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Getting attracted to a close friend of the opposite sex is very common these days. This often leaves us in a dilemma of how we want to define this relationship and take it forward. Would you want to stay in the friend zone or take the plunge and end up being more than just ‘friends’? ‘Never Kiss your Best Friend’ elaborates on this confusion lying within many youthful hearts and rekindles your memory of all the crazy and stupid things that you have done in your teenage years.

This comes as good news for all those contemporary young readers who just were left wanting for more after the author’s last release, ‘Just Friends’. Following the same tone, this book delivers much more than desired. The writer takes forward the story of Tania and Sumer, how they met and the intricacies of the craziness which follows on their emotional journey; a journey which sees their infatuation grow into something treading towards an unexpected climax.

Never Kiss your Best Friend is a sequel to his earlier novel ‘Just Friends’, which narrates what happens when Tania Brar, a headstrong and impulsive girl reunites with her best friend Sumer Singh Dhillon after a gap of long 5 years. The narration of these multiple incidents is gripping and interesting. The book redefines the rules of friendship between two best friends. Written in an easy to understand and friendly tone, you will be able to relate yourself with the characters in the book if you’ve experienced a close friendship. It lays out a long list of crazy things like dancing with her in your boxers, crying on his shoulder when you break up, boring her with football talk at 3 a.m. and a lot more. The book also posts a staggering question. What happens when it doesn’t work out between you and your best friend? Will you lose out on this friendship as well?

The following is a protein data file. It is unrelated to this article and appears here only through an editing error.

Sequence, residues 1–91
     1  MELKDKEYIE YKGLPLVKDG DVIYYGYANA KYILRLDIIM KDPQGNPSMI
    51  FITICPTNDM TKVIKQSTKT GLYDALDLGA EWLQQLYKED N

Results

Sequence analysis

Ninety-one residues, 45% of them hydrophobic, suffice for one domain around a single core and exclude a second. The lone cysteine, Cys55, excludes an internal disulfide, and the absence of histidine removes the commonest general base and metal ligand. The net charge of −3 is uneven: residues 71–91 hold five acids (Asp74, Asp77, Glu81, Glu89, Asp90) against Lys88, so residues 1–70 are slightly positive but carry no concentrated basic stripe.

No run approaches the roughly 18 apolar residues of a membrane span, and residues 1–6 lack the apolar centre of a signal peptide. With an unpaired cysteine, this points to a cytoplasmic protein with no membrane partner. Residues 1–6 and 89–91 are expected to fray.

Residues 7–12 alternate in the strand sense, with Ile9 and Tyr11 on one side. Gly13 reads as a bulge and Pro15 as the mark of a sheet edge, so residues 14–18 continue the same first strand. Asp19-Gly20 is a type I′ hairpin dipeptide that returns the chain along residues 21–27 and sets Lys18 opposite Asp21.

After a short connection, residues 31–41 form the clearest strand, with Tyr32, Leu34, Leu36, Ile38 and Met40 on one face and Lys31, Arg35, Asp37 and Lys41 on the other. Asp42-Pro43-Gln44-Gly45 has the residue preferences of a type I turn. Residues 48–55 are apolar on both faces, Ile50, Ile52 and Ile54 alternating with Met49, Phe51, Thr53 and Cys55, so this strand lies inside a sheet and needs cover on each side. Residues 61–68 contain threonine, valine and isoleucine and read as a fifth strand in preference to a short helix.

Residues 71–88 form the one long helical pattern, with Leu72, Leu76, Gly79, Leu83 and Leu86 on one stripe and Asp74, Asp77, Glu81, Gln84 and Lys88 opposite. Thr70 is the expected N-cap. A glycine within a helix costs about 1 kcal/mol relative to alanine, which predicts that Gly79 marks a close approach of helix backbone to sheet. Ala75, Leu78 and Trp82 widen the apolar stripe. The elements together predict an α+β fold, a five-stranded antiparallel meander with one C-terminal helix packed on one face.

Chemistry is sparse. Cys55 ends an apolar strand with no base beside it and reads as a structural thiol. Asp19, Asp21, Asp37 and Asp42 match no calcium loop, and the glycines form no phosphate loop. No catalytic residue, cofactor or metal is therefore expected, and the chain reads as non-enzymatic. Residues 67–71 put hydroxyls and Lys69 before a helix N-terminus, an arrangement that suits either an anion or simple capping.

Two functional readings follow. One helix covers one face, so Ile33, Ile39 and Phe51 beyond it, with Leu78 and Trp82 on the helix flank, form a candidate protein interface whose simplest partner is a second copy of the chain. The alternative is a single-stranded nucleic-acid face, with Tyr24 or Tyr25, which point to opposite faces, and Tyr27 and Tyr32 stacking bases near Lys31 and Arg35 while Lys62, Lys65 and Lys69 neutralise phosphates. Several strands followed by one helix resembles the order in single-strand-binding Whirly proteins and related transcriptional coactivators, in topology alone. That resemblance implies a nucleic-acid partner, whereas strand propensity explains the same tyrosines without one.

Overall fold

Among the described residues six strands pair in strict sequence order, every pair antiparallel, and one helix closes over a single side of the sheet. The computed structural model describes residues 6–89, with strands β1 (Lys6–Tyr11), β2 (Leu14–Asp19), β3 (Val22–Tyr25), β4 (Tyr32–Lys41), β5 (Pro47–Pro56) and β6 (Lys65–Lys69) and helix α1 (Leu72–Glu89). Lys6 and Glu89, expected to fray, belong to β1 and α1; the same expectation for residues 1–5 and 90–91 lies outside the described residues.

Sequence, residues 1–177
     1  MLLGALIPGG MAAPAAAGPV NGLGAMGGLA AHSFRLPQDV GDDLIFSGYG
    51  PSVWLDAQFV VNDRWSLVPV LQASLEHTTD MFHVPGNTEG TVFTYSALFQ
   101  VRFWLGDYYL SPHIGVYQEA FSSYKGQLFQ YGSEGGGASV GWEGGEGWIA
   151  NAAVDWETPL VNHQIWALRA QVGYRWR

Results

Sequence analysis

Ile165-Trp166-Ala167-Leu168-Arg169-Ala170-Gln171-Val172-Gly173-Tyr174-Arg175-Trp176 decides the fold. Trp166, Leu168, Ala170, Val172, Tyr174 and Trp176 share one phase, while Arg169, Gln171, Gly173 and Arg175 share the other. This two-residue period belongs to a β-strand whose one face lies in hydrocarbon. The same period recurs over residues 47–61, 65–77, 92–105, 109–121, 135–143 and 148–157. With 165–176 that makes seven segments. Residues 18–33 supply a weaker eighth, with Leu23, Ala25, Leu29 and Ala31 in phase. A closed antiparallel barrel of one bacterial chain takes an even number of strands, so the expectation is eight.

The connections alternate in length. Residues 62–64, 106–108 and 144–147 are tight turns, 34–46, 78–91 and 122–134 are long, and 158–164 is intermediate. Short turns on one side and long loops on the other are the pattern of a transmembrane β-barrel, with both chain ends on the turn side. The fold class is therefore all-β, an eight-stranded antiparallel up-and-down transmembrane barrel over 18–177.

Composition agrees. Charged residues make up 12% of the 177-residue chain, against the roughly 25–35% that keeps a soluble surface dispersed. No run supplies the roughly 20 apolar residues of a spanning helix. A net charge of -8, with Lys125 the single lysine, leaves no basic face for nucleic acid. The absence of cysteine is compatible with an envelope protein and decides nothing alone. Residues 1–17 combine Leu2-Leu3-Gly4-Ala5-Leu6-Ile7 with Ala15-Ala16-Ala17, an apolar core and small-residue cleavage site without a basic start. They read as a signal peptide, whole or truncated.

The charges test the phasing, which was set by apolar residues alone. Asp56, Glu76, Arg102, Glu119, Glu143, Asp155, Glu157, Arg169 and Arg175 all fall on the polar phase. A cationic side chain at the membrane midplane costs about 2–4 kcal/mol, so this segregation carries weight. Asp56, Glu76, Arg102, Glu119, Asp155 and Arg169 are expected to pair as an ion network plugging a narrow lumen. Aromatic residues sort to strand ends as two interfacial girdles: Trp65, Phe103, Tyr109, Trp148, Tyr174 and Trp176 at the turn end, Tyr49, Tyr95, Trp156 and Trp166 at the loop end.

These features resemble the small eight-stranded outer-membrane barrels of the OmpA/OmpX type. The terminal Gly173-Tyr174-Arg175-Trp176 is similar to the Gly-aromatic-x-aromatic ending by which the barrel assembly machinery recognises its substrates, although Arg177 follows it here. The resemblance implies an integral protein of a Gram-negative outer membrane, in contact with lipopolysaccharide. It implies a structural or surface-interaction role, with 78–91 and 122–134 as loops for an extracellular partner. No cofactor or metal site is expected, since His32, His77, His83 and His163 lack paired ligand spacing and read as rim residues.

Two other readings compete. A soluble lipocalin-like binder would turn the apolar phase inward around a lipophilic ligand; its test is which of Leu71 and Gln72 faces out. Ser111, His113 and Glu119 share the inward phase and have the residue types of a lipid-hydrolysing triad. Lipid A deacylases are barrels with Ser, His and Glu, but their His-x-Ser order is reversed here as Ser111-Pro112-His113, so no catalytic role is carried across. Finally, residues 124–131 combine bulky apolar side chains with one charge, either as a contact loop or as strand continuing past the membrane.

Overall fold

About the author

Sumrit Shahi is an Indian novelist and screenwriter. Other books written by him are Just Friends and A lot like love a li’l like chocolate. He has been acknowledged as the “writing rockstar of the young” by Hindustan Times. He is recognized as a prolific writer in the genre of young adult fiction and romance and has won over many young hearts thanks to his light and articulate writing style. He has also worked as a script writer for some successful television shows namely Sadda Haq, Veera and Million Dollar Girl.

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From the Publisher

Contemporary Fiction (Books)Contemporary Fiction (Books)

In Conversation with Sumrit Shahi

17 April 2020

10.15 p.m.

‘Damn!’ I said in the same instant I got up from my bed.

The stilettos stung.

Coaxing my feet to endure a night of torture and some unhealthy, I managed a soldier walk to the mirror and quickly took a final, last-minute customary glance at myself. The fair skin with traces of permeated pollution and tan. The wavy shoulder-length hair, tired of experimentation and changing colours. The petite five-foot-three-inch frame, standing tall on a makeshift world of plastic and glass. The kohl-lined eyes, weary yet longing. The glossed lips, parched with all the smoking. The faint traces of cellulite on the triceps. The rajma chawal genetics. Yet a clever dress, which accentuated the cuts, hugged the miniscule curves and revealed what didn’t need to be concealed.